This song and video contain a message that teaches young women to be tolerant. But the thing they want women to tolerate is not good. In this video, group members of the performing R&B trio sing the words to this song as an all too common cinematic event unfolds in another scene.
You see a handsome, well-chiseled man putting his clothes back on looking in the mirror at the house of a woman he’s having a one night stand with. This very same man literally runs back home to his woman (depicted by the group’s lead singer) and jumps into her waiting arms like nothing ever happened.
Okay, so maybe you stay after he does it for the first time. But what about when he does it over and over again? Will you still be singing, “He’s mine, you may have had him once but I got him all the time.”
Aaliyah was definitely my favorite R&B female solo artist during her time. This song and video of hers exposes the philandering man’s worst fear: His woman finding out he was trying to hook up with a woman on the side. This song was the side chick’s anthem before this current glorified movement of side chicks we have today even existed.
This video and song outlines a bold scenario that is detrimental to a faithful relationship. The video is actually a remix to the original song. Jeezy’s appearance brings some street appeal but his verse has little to do with the main topic of the song.
But The Dream’s intention is to pull your girlfriend right in your face at the club! With lyrics like, “Kelly told ya’ll don’t bring ’em to the club/The way she rock that gotcha boy in love.”
The Dream know he needed to quit with this one. You trying to get these crazy women’s butts beat when they get home from the club…smh
This song and video represent a message that showcases female objectification at it’s finest. In the beginning of the video, there’s a scene with what appears to be a naked vixen laying on her stomach at the top of a table.
She’s inside a house at a birthday party in the scene. You can’t see her skin because she is covered in white frosting and cake decorations.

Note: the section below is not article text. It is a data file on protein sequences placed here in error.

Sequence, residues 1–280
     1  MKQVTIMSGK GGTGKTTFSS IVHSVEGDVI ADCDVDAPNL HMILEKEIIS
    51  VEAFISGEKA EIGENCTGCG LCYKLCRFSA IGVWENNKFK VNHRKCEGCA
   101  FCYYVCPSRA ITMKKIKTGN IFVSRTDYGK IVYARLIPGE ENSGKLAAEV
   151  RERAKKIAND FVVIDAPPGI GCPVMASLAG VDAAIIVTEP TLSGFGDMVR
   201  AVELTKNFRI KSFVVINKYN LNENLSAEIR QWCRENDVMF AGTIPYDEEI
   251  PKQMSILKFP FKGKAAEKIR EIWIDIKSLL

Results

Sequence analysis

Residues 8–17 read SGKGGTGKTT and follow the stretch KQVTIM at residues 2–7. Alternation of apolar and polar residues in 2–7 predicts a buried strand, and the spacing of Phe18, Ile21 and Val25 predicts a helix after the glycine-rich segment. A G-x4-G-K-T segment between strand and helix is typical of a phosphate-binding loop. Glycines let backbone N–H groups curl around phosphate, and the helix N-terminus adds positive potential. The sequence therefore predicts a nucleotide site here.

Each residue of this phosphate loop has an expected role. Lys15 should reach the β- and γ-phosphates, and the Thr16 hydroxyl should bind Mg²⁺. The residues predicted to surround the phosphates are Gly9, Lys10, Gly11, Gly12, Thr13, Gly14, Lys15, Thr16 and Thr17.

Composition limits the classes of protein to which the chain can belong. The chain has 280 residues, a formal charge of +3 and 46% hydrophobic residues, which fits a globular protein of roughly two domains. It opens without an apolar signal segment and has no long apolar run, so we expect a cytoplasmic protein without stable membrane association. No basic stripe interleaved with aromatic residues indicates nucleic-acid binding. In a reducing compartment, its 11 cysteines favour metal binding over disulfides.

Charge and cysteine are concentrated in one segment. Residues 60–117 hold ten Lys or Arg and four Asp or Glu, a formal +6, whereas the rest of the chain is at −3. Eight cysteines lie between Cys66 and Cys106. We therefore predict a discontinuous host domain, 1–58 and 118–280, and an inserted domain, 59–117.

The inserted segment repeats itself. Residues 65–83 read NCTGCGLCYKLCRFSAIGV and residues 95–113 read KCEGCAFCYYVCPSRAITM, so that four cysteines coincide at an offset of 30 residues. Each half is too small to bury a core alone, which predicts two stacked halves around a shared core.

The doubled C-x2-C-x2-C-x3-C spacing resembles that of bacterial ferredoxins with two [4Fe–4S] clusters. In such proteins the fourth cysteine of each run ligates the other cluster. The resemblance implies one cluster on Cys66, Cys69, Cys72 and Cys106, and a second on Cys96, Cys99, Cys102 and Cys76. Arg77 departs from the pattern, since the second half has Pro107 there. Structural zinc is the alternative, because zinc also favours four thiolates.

All harmless fun, right? Not to me necessarily. When some men (even the ones who are faithful) see this kind of savage objectification of women being carried out by rich, influential rappers, they silently want a part of that wild, groupie-banging life for themselves.
This song’s video is another exhibition of non-stop female hyper-sexualization. As a matter of fact, the video was shot right inside a strip club. Some women will actually do whatever they have to do in order to be “down with their man” even if it means letting him go to Magic City with his boys every week.
However, as this video shows, liquor and lust can test another L-word: Loyalty. What might your man do when he’s away with his boys in a scene like that? Could he handle chugging a liter of Hennessy to himself like Ludacris when surrounded by a sea of women wearing next to nothing?
Number one on this list is a video featuring Mr. Haynes aka “Mr. Country Grammar.” Now don’t get me wrong, I have always LOVED me some Nelly. His catchy dance tunes and abundance of sex appeal has made him a favorite of the ladies since he hit the music scene around 15 years ago.
However, his role of a good boy was somewhat tarnished after the release of this music video. The public outcry came in the form of a protest by the young ladies at Spellman College.
They REFUSED to allow Nelly to visit their alma mater and canceled the event featuring his appearance. The young ladies did this even though the event was a positive function involving a drive to find a donor for Nelly’s sister who was dying of leukemia at the time. When a woman’s fed up…..
I hope you enjoyed reading my take on this countdown. Expect more informative opinion pieces like this one. We’ll be discussing in the future how music and culture effect black male/female relationships at BlackLoveAdvice.com. God bless you!